son of an Earl, who would ideally like to marry a rich girl with
connections that could take him up the Amazon if need be. I couldn't
marry just anyone, you know.
Yes, although I don't think the younger son of an Earl knows too much
about poverty. But I suppose, unless your older brother is very
sickly, you would not ask above 50,000 pounds.
A small price to pay for a project that could benefit the whole world.
Colonel Fitzwilliam, I don't think -
Listen, the man was in the army and must have some other interests?
Why not something along those lines? Besides, everyone should work.
I refuse to play a free loading aristocrat!
Hooray. Can't you tell me how great a friend Mr Darcy is to Mr
Aye, he is that indeed.
Oh! Yes. Mr Darcy is uncommonly kind to Mr Bingley, and takes a
prodigious deal of care of him.
Yes, so I've heard. In fact, I think Mr Bingley is highly in debt to
Oh, come on, you can't tell me that Harry and the Brig have been off
No, deeply obliged to him, that kind of thing. I hear he saved him
from a disastrous marriage - there were strong objections to the lady.
I think that's plain interfering! He's worse than I imagined. Now
I'm extremely upset and you had better take me home.
Of course. You did get my subtle hint that I won't be proposing to
you, didn't you?
Well, that's something to be thankful for; everyone else is!
One day, Lizzy, alone at the Collins's, found Mr Darcy had come to
call on her...
MR DARCY [as Lizzy opens the door]
I'm afraid I've come to propose.
I've been staying here as a guest of the Master and the President of
Earth, with a Clanger hanging round me. And that's after the Master
himself proposed. I believe I might be able to cope, so go ahead and
get it over with.
I don't think I can.
Oh, come on, Brig! There's some nice lines in this -
Have you seen how insulting this proposal is? And the fellow's
supposed to be the hero of the book! I don't know about the Master,
but I find it hard to imagine it could be worse.
Well, he did tell me that he met Jane Austen.
NARRATOR [interrupting swiftly]
Mr Darcy, if you don't propose we may all be stuck here forever and
I've got some bored toddlers who might tear the creche apart if we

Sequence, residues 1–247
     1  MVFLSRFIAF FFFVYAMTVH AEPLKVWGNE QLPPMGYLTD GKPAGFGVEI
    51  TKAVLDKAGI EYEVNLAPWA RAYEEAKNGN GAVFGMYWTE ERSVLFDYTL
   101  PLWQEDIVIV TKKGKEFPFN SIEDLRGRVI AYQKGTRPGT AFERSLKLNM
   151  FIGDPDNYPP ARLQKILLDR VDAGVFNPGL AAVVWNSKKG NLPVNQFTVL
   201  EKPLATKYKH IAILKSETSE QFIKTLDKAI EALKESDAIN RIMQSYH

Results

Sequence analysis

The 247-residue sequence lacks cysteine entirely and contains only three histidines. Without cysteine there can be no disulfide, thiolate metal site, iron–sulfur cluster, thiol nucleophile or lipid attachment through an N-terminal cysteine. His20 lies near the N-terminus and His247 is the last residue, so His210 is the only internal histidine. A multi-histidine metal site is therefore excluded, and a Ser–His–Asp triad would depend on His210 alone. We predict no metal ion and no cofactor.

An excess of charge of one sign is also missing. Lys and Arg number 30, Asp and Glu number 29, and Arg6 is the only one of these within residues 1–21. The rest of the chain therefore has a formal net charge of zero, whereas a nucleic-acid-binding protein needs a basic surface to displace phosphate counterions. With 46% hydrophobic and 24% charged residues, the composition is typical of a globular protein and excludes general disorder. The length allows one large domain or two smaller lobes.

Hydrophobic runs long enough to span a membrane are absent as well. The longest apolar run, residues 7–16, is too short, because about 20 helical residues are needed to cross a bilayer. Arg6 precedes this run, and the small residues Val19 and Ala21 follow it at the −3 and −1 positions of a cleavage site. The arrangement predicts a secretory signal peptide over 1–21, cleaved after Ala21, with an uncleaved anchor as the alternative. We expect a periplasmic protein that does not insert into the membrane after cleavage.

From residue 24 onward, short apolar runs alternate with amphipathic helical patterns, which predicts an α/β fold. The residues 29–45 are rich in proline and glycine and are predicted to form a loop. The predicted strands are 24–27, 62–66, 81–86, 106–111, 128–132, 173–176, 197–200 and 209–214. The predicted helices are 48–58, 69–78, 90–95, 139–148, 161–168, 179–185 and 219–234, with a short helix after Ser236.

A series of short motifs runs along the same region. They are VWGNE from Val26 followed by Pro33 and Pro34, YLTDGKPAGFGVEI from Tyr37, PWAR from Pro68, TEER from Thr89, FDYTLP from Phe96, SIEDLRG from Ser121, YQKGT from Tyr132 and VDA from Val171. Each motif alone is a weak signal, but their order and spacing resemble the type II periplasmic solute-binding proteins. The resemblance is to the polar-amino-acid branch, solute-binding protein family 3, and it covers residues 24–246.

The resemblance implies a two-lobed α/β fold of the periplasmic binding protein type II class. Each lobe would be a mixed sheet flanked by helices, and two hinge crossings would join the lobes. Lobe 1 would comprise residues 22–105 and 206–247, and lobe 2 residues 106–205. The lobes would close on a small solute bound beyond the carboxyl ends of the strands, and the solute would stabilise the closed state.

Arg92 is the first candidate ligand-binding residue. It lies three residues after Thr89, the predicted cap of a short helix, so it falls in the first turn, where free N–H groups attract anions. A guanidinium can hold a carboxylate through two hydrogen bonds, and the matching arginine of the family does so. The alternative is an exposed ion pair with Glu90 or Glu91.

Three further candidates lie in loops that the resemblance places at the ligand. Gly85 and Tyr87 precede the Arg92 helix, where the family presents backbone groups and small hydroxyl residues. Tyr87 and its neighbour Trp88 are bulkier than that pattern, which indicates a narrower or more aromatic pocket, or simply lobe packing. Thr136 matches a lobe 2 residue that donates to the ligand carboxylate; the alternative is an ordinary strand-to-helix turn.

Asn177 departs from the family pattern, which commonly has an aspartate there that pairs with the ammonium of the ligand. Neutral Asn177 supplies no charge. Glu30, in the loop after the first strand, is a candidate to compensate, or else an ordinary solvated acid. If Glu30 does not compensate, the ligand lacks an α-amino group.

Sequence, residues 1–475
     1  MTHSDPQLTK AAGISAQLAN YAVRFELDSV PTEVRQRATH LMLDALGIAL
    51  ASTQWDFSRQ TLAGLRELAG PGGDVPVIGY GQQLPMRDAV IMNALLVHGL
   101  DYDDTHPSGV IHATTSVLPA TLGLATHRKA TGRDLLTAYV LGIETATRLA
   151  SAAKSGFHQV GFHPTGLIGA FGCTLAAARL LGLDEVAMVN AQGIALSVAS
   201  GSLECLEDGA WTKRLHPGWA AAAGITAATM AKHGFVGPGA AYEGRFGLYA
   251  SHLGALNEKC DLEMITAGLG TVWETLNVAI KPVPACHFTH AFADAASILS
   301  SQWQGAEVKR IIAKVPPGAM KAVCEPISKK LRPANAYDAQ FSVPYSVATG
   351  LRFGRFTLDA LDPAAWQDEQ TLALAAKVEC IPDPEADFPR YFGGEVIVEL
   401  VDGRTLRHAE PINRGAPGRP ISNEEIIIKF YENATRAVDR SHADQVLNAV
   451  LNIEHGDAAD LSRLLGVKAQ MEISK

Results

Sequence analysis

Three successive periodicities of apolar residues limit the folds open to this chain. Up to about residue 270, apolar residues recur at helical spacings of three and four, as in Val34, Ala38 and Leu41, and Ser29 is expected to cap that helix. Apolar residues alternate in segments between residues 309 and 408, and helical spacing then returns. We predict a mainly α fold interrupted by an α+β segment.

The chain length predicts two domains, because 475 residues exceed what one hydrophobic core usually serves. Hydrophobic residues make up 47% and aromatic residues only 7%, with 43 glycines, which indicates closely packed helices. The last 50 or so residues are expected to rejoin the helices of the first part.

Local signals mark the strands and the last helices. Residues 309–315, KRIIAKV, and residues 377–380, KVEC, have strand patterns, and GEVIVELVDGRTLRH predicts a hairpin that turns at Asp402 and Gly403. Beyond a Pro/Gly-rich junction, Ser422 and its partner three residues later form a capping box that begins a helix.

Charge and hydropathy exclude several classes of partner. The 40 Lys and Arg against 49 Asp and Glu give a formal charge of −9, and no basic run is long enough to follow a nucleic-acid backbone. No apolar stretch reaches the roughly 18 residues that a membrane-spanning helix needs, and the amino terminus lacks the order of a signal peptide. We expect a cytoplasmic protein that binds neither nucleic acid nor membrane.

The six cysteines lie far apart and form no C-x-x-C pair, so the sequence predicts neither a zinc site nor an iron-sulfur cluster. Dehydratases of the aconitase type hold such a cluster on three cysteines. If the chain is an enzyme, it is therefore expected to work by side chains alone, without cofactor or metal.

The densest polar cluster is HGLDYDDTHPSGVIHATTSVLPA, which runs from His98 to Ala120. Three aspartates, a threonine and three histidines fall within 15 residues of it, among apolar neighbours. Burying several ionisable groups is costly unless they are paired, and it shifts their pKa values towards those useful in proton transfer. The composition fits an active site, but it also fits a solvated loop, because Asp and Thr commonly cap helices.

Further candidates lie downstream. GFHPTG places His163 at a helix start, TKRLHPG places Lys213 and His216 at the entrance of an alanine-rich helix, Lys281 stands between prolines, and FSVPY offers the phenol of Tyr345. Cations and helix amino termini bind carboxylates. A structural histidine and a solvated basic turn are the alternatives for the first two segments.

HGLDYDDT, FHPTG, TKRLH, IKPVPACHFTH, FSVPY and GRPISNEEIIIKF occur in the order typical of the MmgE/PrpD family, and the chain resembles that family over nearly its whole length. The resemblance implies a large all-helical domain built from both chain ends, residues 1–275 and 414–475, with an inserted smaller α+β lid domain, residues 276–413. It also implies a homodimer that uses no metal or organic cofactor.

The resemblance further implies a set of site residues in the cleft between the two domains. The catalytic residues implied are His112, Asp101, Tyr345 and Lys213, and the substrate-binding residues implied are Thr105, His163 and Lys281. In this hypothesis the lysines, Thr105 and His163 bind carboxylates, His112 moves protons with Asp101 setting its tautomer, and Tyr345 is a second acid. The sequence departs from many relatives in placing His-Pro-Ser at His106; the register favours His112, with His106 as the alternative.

If I must, I must. Please don't take any of this personally, Miss
Of course not, Brig.
In vain have I struggled. It will not do - dammit, Miss Smith, I
won't do it!
Mr Darcy proposed to Lizzy, not forgetting to dwell on her inferiority
and other such charming matters during his speech - and seemed
perfectly sure of her reply.
DARCY [in heartfelt gratitude]
In such cases as this, it is, I believe -
Are you going to do the whole speech? I have some very fidgety
toddlers here and we need to move on swiftly.
DARCY [seizing on the NARRATOR'S intervention]
And this is all the reply I am to have?
No, I was going to say the rest!
I'd like to know why, with so little civility, I am to be rejected.
Then you shouldn't tell me you liked me against your will, your
reason, and even against your character. Was that not some excuse for
It sounds like the honest truth to me.
I know, but we're getting there now. I could never marry the man who
had been the means of ruining the happiness of a most beloved sister!
Which one are we talking about here?
Jane, of course. You interfered between her and Mr Bingley!
Well, Bingley's terrified of the girl. I don't see why he should
marry just because you think they should. I observed for myself and I
didn't think she liked him much, either.
And as for what Mr Wickham said about you -
Oh, not Mr Wickham. I suppose he enjoyed telling you nonsense about
His misfortunes have been great!
Oh, great indeed! He should have thought of that before he turned
traitor. So this is what you think of me. Thank you, Miss Bennet,
everything is perfectly clear now.
Oh no, Mr Darcy. Your method of proposing merely spared me any
concern I might have felt in refusing you had you behaved in a more
gentleman-like manner. You could not have made me the offer of your